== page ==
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What Patients Need to Know About Evidence-Based Medicine

The Good, the Not-So-Good and Important Points for Smart Patients to Consider

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Updated August 13, 2008

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Understand the basics of evidence based medicine

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Once you have been diagnosed with a disease or condition, and you've taken the steps to determine that your diagnosis is correct, your doctor will begin making recommendations for your treatment. Depending on what your diagnosis is, your doctor may refer to evidence-based medicine to make those recommendations.

What Is Evidence-Based Medicine (EBM)?

Most diseases and conditions can be treated in more than one way, whether the goal is to cure the problem, or simply treat the symptoms. When your doctor explains the treatment choices you have, she will often be able to tell you which one(s) are known to work the best, and what side effects you may experience if you choose that treatment. She may have that knowledge because she is aware of evidence accumulated through experiments and clinical trials on patients who have already tried that treatment.

Knowledge developed through those trials and experiments is called "evidence-based medicine." Using scientific methods, researchers have determined that the results (evidence) demonstrates that more patients with that set of health and human conditions benefit from that treatment, and that the benefits outweigh the risks and side effects of that treatment.

The first use of the term "evidence-based" for treatments was used in the early 1990s. Before treatments were evidence-based, doctors relied more on history, their education, conversations with other doctors and their own sense to make treatment suggestions to their patients. Until scientific research demonstrated a treatment was beneficial, it might have been considered anecdotally to be effective, but there was no real scientific proof that the benefits outweighed the risks or that more patients benefited than didn't benefit from its use. Even today, many doctors will weigh the evidence against knowledge they have gained in other ways before they make recommendations to their patients.

Why Is Evidence-Based Medicine Important to Patients?

When you are diagnosed with any medical problem that requires treatment, especially a chronic disease like diabetes or a potentially life-ending disease like cancer, you will want to know that the treatment you choose has the best chance of curing you, or helping you manage the problem with the least negative impact on your lifestyle.

You will also want to know that the treatment reflects your values. For example, if you have been diagnosed with a disease that could be treated with a drug that would have a negative impact your quality of life but keep you alive longer, or a second drug that would keep you more comfortable even though your life might be shorter, then you and your doctor could refer to the evidence to decide which was the better choice for you.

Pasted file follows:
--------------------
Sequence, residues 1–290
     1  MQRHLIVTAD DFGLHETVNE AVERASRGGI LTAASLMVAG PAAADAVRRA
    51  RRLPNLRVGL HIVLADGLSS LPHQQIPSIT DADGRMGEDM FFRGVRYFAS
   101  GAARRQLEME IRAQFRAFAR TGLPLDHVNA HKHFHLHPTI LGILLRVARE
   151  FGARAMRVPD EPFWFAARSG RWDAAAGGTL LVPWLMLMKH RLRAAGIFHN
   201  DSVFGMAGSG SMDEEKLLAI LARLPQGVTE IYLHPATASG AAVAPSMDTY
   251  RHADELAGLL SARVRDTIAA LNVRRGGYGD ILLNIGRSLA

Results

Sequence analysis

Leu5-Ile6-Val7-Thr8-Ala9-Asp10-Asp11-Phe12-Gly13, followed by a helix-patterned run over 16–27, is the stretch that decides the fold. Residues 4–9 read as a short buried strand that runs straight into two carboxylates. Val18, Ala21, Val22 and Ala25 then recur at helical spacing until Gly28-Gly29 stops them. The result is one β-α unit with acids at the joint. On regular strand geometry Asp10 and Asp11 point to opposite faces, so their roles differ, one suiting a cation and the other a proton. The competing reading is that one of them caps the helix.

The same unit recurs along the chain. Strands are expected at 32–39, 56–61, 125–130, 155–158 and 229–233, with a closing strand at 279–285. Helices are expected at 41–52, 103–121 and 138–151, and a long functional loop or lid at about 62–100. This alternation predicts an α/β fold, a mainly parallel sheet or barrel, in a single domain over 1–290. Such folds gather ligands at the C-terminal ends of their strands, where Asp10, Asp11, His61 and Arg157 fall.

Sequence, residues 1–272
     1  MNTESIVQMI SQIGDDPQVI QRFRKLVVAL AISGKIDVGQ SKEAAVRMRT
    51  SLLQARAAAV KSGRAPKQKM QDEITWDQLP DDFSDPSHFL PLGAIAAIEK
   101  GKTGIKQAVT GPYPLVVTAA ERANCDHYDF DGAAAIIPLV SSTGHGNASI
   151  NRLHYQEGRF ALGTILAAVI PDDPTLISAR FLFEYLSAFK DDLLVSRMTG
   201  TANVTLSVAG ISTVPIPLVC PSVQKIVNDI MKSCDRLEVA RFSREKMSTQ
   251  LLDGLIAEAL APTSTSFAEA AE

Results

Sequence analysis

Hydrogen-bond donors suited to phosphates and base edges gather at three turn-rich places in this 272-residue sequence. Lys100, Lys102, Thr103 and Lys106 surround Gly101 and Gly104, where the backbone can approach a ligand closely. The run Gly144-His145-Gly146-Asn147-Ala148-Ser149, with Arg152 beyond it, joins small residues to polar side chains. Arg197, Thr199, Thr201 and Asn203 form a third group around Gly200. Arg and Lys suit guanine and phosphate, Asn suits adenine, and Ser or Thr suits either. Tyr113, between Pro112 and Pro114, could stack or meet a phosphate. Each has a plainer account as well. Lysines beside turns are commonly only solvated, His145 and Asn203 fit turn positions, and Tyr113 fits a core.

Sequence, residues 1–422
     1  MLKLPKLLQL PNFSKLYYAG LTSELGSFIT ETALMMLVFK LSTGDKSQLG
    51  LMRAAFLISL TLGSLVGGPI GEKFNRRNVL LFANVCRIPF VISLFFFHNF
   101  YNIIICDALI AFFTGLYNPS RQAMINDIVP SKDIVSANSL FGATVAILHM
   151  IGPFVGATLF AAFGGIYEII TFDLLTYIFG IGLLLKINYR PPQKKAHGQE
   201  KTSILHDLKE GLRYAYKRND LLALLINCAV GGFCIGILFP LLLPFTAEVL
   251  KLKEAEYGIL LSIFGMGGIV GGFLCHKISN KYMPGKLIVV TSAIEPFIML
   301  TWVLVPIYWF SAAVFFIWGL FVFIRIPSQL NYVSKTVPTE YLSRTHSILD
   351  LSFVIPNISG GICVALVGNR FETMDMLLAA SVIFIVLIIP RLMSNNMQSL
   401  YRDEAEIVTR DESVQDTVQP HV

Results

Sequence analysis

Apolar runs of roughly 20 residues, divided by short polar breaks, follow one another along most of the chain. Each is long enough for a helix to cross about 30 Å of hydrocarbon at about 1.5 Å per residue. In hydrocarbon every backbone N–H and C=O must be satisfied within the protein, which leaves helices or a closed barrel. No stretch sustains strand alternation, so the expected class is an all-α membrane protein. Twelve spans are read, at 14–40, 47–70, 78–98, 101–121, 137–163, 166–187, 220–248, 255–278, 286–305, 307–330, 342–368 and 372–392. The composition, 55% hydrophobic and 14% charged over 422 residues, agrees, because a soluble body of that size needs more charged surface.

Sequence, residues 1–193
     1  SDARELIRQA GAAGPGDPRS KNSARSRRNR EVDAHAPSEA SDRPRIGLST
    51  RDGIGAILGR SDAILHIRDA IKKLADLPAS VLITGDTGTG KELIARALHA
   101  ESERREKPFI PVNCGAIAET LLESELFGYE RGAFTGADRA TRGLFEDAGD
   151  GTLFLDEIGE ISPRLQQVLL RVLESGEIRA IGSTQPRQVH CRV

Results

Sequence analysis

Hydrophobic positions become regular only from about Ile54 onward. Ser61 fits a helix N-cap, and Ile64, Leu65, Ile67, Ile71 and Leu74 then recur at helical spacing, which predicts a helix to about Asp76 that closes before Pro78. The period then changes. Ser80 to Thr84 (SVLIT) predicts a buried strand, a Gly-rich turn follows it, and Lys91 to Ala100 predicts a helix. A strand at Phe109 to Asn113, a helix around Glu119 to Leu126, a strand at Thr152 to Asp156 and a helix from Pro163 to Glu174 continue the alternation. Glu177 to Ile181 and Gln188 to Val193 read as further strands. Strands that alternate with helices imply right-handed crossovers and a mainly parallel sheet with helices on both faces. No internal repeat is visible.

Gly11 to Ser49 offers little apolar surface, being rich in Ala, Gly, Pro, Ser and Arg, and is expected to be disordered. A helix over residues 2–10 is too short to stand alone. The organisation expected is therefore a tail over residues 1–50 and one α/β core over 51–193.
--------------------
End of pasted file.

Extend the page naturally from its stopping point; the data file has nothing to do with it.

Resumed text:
When your doctor offers you a treatment that is evidence-based, he should be able to tell you how successful the evidence showed that treatment to be. For instance, the doctor may be able to tell you that 75% of the patients who took a tested drug for the same medical symptoms you have, were cured by taking that drug, and that may be a higher percentage than any other drug tested for your symptoms. In that case, the evidence shows that the drug your doctor wants to prescribe for you may be the better one for you to try.

Are Evidence-Based Treatments Always a Patient's Best Choice?

There is no simple answer to this question. In fact, there are a number of controversies that surround the use of evidence-based medicine.

Those controversies stem from three points:

  1. The evidence is gathered using groups of people, not individuals. Individuals do not always react the way the majority in the group may have reacted to any given treatment.
  2. Not all patients have the same set of values.
  3. There may be built in biases in the way the experiments are designed.

Smart patients understand that the ultimate choices for treatment are theirs. They partner with their doctors to choose the treatment that fits best with their goals and their values. In some cases, evidence-based treatments will be their best choices. In others, even the evidence won't make the choice obvious.

Understanding what evidence-based medicine is, how the experiments and clinical trials are conducted, and the questions and controversies that surround this approach, will make it easier to choose the treatment you prefer, and may make it more likely you will adhere to the choice you make.

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